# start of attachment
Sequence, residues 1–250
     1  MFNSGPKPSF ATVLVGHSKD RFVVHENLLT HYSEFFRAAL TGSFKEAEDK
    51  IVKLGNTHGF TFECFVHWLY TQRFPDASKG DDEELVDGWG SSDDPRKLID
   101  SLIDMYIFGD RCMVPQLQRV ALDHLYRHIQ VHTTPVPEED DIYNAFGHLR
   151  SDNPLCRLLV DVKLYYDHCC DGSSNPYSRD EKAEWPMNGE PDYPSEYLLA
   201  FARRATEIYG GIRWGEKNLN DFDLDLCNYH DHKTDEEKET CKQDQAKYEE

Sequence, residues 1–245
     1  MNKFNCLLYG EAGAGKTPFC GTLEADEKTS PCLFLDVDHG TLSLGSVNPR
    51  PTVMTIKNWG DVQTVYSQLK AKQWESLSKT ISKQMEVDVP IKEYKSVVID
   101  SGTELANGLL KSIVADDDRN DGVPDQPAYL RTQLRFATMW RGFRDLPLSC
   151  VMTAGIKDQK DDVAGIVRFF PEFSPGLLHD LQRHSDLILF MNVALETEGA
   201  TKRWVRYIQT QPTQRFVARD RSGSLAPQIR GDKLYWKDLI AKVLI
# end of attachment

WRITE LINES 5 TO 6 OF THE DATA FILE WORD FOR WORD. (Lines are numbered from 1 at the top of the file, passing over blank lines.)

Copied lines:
   151  SDNPLCRLLV DVKLYYDHCC DGSSNPYSRD EKAEWPMNGE PDYPSEYLLA
   201  FARRATEIYG GIRWGEKNLN DFDLDLCNYH DHKTDEEKET CKQDQAKYEE